The Duke Digest - November 11, 2011
In Today's Issue:
- Obama Nominates Duke Law Prof to U.S. Court of Military Commission Review
- The Atlantic's 'Best Ideas': Innovation at Duke
- Duke Prof to Participate in Congressional Briefing on Medical Imaging R&D
- Duke's Fuqua School of Business to Start MMS Program in the UAE
- Opinion: Cap-and-Trade Offers Benefits for California and Beyond
- New 3-D Campus Map Reveals Duke in Many Dimensions
OBAMA NOMINATES DUKE LAW PROF TO U.S. COURT OF MILITARY COMMISSION REVIEW
President Barack Obama has nominated Professor Scott L. Silliman for a seat on the U.S. Court of Military Commission Review, the appellate court that reviews each military commission case held at Guantanamo Bay. The nomination is subject to confirmation by the U.S. Senate.
In a Nov. 10 press release announcing the nomination, the president said Silliman's extensive experience in both military and civilian law makes him "uniquely qualified to both protect our national security interests and uphold our highest judicial standards."
Silliman Nominated to U.S. Court of Military Commission Review(law.duke.edu)
THE ATLANTIC'S 'BEST IDEAS': INNOVATION AT DUKE
This week The Atlantic launched the Secrets of Innovation special report, a three-week bonanza about ideas in government, business, and life, and how they're changing the economy. As part of this report, The Atlanticasked Duke University to reveal some of its most exciting new innovations. Two ideas the school shared with the writers: a flashlight that diagnoses cancer and an ipad that bends, folds, and never breaks.
The Best Ideas from Duke University (The Atlantic)
DUKE PROF TO PARTICIPATE IN CONGRESSIONAL BRIEFING ON MEDICAL IMAGING R&D
In conjunction with the House Research and Development Caucus, the Optical Society (OSA) will host a briefing on November 17 to provide insight into how medical imaging is being used to better diagnose and treat a range of conditions, while offering perspective into where this technology is headed in the future.
Dr. Joseph Izatt, professor of biomedical engineering at Duke, will discuss current and future technologies related to medical imaging and give examples of how laboratory research has translated into successful start-up companies.
Medical imaging helps to detect, diagnose and treat many life-threatening diseases at their earliest stages. Early detection, diagnosis and treatment reduce the need for invasive, in-patient procedures and repeat surgeries and facilitate shorter recovery times while also saving money and improving efficiency in the healthcare system. Many of the cutting-edge technologies being developed and used today originated from university laboratories through federal government spending.
Event Info - Medical Imaging: R&D Saving Lives(researchcaucus.org)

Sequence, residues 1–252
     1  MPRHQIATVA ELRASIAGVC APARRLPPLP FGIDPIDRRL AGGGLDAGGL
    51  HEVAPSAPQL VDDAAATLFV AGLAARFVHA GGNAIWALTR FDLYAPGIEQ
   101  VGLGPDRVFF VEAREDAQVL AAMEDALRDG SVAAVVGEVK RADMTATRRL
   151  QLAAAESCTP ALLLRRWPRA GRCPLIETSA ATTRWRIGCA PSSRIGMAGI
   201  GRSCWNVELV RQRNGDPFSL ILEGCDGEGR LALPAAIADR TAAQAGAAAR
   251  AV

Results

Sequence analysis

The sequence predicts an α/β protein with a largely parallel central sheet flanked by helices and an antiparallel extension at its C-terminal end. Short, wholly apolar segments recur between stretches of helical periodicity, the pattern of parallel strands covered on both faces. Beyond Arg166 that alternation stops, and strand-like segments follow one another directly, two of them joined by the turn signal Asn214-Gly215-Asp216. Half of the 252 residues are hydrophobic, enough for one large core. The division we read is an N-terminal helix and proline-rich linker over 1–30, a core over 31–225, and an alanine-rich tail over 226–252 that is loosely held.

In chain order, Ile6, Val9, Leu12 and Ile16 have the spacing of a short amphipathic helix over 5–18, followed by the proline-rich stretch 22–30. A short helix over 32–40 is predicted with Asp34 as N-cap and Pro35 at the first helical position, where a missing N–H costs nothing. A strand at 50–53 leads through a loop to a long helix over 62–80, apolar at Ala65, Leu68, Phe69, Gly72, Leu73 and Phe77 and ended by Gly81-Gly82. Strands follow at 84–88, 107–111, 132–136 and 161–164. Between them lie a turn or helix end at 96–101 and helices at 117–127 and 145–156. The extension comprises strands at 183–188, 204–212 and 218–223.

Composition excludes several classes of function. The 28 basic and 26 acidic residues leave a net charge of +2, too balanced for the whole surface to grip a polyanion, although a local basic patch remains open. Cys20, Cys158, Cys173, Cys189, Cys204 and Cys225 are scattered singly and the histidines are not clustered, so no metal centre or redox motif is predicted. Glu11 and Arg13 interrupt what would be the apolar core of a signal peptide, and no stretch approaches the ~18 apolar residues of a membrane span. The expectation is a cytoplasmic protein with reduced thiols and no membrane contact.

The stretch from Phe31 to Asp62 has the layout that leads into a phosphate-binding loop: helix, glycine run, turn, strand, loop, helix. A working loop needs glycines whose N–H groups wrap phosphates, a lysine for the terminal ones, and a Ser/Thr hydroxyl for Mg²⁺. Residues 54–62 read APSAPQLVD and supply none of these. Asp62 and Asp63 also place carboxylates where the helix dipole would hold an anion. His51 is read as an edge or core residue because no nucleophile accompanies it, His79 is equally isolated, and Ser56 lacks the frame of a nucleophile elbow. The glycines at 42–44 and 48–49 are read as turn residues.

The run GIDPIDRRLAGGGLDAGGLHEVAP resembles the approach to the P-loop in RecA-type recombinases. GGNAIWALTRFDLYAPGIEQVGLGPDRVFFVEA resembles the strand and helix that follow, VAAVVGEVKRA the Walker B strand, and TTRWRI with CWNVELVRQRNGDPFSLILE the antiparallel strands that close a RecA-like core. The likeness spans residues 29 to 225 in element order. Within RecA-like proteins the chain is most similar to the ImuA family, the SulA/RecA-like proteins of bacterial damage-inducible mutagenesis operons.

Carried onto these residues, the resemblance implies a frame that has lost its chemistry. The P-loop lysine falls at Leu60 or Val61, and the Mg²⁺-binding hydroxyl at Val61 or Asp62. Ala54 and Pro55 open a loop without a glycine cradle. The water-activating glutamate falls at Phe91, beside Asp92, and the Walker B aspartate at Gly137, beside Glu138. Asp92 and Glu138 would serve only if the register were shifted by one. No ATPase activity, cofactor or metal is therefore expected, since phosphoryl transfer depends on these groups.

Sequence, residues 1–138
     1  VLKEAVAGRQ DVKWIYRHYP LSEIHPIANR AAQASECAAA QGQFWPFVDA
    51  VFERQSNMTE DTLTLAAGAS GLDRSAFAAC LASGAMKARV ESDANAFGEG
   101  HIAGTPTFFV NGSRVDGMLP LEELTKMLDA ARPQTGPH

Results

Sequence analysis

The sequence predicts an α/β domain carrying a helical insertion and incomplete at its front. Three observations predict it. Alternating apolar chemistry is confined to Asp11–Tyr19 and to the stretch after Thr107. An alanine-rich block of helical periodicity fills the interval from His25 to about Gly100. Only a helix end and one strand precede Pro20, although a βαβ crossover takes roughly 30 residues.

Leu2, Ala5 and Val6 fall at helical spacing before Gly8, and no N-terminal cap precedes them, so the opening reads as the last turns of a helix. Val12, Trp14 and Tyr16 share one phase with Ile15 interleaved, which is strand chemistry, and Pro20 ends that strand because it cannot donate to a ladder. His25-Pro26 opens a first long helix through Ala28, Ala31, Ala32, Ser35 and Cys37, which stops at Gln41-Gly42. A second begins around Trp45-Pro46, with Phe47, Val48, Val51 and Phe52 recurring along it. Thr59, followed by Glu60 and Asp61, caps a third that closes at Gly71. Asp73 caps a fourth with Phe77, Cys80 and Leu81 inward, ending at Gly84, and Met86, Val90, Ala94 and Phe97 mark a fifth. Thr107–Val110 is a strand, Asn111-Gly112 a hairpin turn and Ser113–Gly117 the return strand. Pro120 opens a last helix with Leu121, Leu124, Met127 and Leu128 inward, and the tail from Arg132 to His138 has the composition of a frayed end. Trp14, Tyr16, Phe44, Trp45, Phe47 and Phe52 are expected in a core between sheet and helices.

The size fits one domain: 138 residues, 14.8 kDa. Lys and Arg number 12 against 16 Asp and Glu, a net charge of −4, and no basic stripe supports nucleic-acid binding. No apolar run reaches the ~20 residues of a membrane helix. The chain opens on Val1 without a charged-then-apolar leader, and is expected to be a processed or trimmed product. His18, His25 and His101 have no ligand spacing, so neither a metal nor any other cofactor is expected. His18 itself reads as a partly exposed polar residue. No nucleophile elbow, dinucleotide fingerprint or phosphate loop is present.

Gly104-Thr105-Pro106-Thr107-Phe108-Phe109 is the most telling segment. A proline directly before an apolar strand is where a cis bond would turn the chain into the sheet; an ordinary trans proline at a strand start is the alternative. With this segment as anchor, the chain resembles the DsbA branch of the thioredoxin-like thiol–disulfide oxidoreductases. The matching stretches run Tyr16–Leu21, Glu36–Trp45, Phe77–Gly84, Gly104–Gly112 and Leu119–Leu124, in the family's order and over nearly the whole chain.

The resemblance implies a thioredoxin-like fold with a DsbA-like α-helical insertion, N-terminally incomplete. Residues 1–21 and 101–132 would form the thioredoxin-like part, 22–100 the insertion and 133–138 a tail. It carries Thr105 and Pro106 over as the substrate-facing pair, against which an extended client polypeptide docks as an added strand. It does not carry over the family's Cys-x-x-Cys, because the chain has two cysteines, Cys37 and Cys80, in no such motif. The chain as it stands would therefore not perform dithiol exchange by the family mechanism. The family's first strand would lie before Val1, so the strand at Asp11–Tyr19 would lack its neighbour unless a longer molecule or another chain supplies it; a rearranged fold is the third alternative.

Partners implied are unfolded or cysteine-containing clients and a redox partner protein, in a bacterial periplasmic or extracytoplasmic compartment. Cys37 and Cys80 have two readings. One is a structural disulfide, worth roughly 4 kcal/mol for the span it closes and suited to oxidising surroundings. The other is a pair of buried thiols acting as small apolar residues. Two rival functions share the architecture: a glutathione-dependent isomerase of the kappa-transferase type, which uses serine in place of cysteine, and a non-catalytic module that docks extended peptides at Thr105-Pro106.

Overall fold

DUKE'S FUQUA SCHOOL OF BUSINESS TO START MMS PROGRAM IN THE UAE
Duke University's Fuqua School of Business is launching in the United Arab Emirates a new program, Masters in Management Studies: Finance (MMS: Finance), beginning this spring.
Building on Fuqua's global strategy, the MMS: Finance program will mark the first time the school will run a degree program completely outside the United States, said Fuqua dean Bill Boulding.
Designed for working professionals in the finance industry, the part-time program is intended to provide students with a strong foundation in management, including a special emphasis in finance and accounting, delivered in a format that supports students' professional responsibilities.
Duke's Fuqua School of Business to Start MMS Program in the UAE (fuqua.duke.edu)
OPINION: CAP-AND-TRADE OFFERS BENEFITS FOR CALIFORNIA AND BEYOND
Timothy Profeta and Jan Mazurek, staff members of Duke University's Nicholas Institute for Environmental Policy Solutions, write in an op-ed appearing in the Raleigh News and Observer:
The California Air Resources Board recently approved the nation's first comprehensive program to trim gases implicated in global climate change. Since this historic vote for cap-and-trade, many have questioned whether the program - aimed at providing financial incentives to polluters to reduce harmful emissions - could catch on and have a larger impact on climate policy in the rest of the country.
The new carbon market system is, by design, intended to be low-cost and lends itself to the creation of new clean technology. Those who can deploy clean technologies, such as North Carolina hog farmers, stand to benefit from the early market signals that the California program is sending.
And while the state's law is insufficient to address the global problem, California's carbon market, replete with innovative cost containment features such as offsets and a reserve, can provide a road map for leaders in other states and in our nation's capital when they finally decide to act.
Cap-and-Trade Offers Benefits for California and Beyond(newsobserver.com)
NEW 3-D CAMPUS MAP REVEALS DUKE IN MANY DIMENSIONS
A visitor to Duke can now walk through gothic arches, take a peek inside Cameron Indoor Stadium and inspect stonework on Duke Chapel's 210-foot tower without even stepping foot on the 9,350-acre campus.
Duke unveiled a new online map Friday that includes 3-D models of 325 buildings across the campuses. The map also includes satellite views and traditional two-dimensional street maps and offers overlays that display details such as dining locations and parking permit requirements, photos related to the buildings and videos linked to specific campus locations.
Interactive Map Reveals Duke in Many Dimensions(duke.edu)